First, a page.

Last Updated on 03/23/2020 by OTC
While most of the people are locked down to their homes due to coronavirus outbreak, we would like to travel to the history together in order to quench the curiosity of navy enthusiasts especially about the key incidents of historical warships.
We all know about the legendary German battleship Bismarck, a mighty ship with 251 meters length and 50.000 tons of displacement. She was referred to the strongest ship of the German navy during World War-II. Bismarck was a special ship because she was a milestone to break the rules of the Versailles Convention, which limits Germany to build warships less than 35.000 tons. After 2 years of service, she was sunk during a battle at the North Atlantic on 27th May 1941.
Though this battleship was so special, she could serve to the German Navy for only 2 years. Her last battle was an epic one because she fought until the last shell, sent the HMS Hood (a precious Royal Navy battleship) to the bottom of the ocean. Kept fighting though she was hit by thousands of gun ammunition and lots of torpedoes, and showed an epic endurance effort against British naval task force. When we read her history, a question comes to our mind; Why didn’t Bismarck surrender even though she could not continue the battle any longer? It would have saved the crew’s lives (only 115 out of 2259 sailors survived) and the captain could have scuttled the ship upon being boarded. Would the allies have stopped firing if they raised a white flag?
The event changed the courtesy of old sea battles:
During the Age of Sail it was relatively common for warships to surrender when beaten into submission (the general rule of thumb was that you could honourably surrender after taking about 10% casualties). Navies often even refitted seized ships for their own use. That gradually stopped happening over the course of the latter half of the 19th century. Prior to the voyage of KMS Bismarck, the last time any capital ship surrendered to opposing forces was over 35 years earlier, at the Battle of Tsushima.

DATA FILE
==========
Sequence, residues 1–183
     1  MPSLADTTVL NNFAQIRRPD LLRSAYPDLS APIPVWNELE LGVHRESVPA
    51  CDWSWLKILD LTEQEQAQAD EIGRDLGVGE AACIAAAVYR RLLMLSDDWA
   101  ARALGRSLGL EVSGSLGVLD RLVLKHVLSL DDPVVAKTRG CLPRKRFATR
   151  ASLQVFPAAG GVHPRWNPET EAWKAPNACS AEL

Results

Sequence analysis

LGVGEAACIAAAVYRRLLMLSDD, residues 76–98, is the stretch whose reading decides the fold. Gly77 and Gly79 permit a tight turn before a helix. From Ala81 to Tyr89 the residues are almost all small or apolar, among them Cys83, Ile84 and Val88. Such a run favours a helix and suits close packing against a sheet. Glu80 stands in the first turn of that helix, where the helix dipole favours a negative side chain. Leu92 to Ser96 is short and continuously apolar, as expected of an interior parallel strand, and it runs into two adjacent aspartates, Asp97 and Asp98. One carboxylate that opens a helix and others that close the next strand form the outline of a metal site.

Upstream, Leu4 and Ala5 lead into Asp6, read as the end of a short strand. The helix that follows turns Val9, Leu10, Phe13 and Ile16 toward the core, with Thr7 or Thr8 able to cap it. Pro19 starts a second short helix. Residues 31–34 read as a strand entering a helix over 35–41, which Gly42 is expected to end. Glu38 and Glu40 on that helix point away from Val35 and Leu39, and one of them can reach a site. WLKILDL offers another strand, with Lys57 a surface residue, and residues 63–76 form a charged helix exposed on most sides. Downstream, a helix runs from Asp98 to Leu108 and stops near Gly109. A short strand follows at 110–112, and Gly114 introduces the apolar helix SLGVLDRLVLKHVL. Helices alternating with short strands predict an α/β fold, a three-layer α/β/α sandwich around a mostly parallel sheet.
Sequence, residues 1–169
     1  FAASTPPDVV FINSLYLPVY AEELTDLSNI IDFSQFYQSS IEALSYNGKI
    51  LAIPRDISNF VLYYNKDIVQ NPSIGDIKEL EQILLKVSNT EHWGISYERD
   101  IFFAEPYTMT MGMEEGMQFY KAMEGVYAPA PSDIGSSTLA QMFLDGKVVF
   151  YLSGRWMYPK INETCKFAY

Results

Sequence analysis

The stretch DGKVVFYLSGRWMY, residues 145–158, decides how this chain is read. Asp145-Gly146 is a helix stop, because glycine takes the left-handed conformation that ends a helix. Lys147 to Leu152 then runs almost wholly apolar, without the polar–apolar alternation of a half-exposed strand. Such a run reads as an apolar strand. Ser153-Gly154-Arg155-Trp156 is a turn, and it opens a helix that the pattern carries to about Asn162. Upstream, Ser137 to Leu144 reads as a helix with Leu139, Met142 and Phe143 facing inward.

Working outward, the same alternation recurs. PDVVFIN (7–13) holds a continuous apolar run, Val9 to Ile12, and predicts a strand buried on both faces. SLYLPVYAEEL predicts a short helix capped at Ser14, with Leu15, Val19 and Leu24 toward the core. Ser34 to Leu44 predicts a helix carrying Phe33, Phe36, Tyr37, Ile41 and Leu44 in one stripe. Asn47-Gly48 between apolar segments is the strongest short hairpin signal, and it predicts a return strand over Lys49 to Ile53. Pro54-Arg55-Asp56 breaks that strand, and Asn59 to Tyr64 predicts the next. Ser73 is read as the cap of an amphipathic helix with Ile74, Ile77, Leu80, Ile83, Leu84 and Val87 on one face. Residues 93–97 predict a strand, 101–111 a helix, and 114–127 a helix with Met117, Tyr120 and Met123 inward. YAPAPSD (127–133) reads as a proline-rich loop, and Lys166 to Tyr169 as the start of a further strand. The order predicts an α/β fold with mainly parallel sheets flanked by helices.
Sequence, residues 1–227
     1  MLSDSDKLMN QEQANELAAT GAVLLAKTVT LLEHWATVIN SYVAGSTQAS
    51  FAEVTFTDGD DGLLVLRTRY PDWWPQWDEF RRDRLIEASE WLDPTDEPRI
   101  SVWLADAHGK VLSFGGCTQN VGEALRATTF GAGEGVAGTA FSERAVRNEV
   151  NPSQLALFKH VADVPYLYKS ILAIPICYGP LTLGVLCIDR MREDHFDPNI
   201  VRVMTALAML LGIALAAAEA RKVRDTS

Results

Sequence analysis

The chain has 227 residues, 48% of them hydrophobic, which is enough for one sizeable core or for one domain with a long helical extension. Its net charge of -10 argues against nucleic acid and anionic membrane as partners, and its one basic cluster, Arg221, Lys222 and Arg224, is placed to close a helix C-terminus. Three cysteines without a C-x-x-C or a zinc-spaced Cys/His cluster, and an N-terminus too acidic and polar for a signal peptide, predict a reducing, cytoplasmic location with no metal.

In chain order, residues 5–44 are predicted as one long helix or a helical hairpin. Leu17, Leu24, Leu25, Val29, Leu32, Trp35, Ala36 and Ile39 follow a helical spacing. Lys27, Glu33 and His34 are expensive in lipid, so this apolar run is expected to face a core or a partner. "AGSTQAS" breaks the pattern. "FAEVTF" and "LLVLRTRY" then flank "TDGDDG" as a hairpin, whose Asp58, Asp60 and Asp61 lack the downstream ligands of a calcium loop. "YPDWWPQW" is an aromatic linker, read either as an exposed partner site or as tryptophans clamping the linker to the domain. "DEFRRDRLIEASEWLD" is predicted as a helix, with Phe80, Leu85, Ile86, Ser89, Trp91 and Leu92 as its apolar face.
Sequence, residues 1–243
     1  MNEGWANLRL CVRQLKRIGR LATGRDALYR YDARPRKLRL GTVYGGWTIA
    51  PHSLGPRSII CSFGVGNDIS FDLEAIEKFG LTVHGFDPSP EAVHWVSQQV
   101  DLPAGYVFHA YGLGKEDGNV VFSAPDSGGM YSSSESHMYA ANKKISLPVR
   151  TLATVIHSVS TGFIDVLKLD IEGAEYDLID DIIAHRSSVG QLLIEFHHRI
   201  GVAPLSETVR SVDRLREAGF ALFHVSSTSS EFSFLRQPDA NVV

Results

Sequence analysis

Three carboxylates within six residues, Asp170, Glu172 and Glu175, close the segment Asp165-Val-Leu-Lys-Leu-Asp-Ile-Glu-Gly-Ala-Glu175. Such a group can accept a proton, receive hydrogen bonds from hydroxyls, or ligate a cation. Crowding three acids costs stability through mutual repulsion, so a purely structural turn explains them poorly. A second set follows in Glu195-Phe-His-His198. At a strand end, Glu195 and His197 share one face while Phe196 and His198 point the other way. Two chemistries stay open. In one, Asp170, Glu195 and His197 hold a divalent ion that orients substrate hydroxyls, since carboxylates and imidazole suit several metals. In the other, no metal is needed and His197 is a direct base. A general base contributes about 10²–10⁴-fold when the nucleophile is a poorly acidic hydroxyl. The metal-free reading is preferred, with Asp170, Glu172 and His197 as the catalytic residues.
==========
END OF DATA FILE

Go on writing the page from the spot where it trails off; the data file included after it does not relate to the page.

The Russian Navy force was essentially completely worn out after the infamous Voyage of the Damned. It was a testament to the quality of Admiral Zinovy Rozhestvensky as a commander that they even made it to the Sea of Japan in the first place. Seven ships, including four battleships, and 6,000 sailors surrendered to the Imperial Japanese Navy under Admiral Heihachiro Togo.
The Bismarck Case :
With the case of Bismarck, in particular, we know that Admiral Gunther Lütjens (commander of the flotilla consists of battleship Bismarck and Prinz Eugen escort ship) planned to fight to the last shell, and it appears that all the senior officers were killed in the opening salvos: both bridge and the flag bridge were hit by shells, so there wasn’t really anyone left with the ability to surrender in a recognizable manner anyway.
For the German side, as a result of the common worldwide policy that naval vessels were to fight to the last rather than surrender, giving Bismarck to their arch-enemy probably could affect the morale of both sides and break the pride of Germany. Additionally, capturing ships intact means capturing intelligence. It’s easier to hide materials that could be a source of intelligence for the enemy like logs and classified materials by sending them underwater.
For British side, they needed to payback because the Bismarck sunk HMS Hood, the Royal Navy went after Bismarck with no mercy after that. They had to show that you can’t just sink a British Battleship and get away with it.
General Specifications of Battleship Bismarck:
Bismarck was the first of two Bismarck-class battleships built for Nazi Germany’s Kriegsmarine. Named after Chancellor Otto von Bismarck, the ship was laid down at the Blohm & Voss shipyard in Hamburg in July 1936 and launched in February 1939. Work was completed in August 1940, when she was commissioned into the German fleet. Bismarck and her sister ship Tirpitz were the largest battleships ever built by Germany, and two of the largest built by any European power.
Dimensions : Length: 251 m – Beam: 36m – Draught: 9m
Displacement : 41.676 tons standart, 50.153 tons full
Propulsion : 3 shafts, 3 Blohm+Voss turbines, 12 Wagner superheated boilers
Max speed : 30.1 kts
Range: 8900nm with 17 kts
Aircraft carried: 4 × Arado Ar 196 floatplanes